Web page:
Database Design: Overview

Databases exist because of the need to change data into information. Data are the raw and unprocessed facts. Information is obtained by processing the data into something useful. For example, millions of names and telephone numbers in a phone book are data. Information is the telephone number of the fire department when your house is burning down.

A database is a large repository of facts, designed in such a way that processing the facts into information is easy. If the phone book was structured in a less convenient way, such as with names and numbers placed in chronological order according to when the numbers were issued, converting the data into information would be much more difficult. Not knowing when the fire department was issued their latest number, you could search for days, and by the time you find the number your house would be a charred pile of ash. So, it's a good thing the phone book was designed as it was.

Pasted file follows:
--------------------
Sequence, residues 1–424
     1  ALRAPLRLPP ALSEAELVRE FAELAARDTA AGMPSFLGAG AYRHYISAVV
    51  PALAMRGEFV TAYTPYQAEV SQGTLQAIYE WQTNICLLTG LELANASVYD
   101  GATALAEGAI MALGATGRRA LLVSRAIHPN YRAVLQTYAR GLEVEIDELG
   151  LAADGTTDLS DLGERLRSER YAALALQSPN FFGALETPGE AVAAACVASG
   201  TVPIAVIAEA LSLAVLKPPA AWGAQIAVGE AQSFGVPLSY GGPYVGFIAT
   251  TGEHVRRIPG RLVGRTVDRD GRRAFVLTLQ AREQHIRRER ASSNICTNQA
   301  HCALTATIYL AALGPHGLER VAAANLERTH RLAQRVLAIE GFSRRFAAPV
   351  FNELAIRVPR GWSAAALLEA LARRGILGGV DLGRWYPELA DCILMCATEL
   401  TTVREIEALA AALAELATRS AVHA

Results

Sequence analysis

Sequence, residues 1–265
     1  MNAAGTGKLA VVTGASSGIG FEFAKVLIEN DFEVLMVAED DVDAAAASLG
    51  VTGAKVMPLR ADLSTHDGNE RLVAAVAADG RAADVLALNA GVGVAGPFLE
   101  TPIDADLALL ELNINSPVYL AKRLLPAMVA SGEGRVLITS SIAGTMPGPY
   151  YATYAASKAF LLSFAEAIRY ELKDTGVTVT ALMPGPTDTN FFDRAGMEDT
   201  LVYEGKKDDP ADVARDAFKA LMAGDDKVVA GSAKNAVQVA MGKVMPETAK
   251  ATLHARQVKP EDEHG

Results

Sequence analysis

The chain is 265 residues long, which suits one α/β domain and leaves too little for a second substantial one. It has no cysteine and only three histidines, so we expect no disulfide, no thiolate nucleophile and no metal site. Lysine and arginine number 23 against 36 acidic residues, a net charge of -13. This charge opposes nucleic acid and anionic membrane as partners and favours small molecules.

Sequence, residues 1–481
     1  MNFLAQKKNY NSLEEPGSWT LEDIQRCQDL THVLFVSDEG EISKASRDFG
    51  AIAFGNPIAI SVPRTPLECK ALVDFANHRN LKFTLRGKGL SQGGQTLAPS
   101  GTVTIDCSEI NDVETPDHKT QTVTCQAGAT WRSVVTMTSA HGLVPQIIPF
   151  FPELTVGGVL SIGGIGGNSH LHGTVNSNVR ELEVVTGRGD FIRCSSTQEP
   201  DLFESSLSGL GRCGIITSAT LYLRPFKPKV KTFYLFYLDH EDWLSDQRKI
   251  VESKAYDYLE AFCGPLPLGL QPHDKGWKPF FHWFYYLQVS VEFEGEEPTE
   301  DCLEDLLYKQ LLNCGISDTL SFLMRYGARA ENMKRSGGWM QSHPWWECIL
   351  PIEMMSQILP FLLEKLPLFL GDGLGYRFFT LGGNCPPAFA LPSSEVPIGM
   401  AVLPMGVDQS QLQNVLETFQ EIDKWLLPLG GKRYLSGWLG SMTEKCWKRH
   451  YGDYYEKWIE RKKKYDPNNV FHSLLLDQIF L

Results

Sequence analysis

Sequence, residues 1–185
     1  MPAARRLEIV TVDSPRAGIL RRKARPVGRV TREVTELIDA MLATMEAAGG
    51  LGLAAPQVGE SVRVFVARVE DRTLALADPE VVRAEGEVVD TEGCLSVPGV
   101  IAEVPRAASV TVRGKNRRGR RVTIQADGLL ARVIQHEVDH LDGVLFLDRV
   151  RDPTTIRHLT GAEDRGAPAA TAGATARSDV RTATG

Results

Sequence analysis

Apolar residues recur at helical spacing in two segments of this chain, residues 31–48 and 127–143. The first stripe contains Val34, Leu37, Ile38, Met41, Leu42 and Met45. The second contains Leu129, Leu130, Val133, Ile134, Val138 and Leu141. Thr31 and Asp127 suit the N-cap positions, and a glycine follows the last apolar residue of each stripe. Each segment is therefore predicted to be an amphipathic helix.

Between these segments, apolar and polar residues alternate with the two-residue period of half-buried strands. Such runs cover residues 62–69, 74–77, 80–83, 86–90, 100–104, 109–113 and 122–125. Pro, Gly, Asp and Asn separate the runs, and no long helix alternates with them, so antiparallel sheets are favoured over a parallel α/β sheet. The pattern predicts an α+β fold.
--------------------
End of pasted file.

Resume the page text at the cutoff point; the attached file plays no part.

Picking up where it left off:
A database is much more flexible; a similar set of data to what's in a phone book could be ordered by MariaDB according to name, telephone number, address as well as chronologically. But databases are of course more complex, containing many different kinds of information. People, job titles and a company's products can all mingle to provide complex information. But this complexity makes the design of databases more complex as well. Poor design could make for slow queries, or it could even make certain kinds of information impossible to reach. This section of the Knowledge Base features articles about good database design, specifically:

  • The database lifecycle
  • Entity-relationship modeling
  • Common mistakes in database design
  • Real-world example: creating a publishing tracking system
  • Concurrency control with transactions


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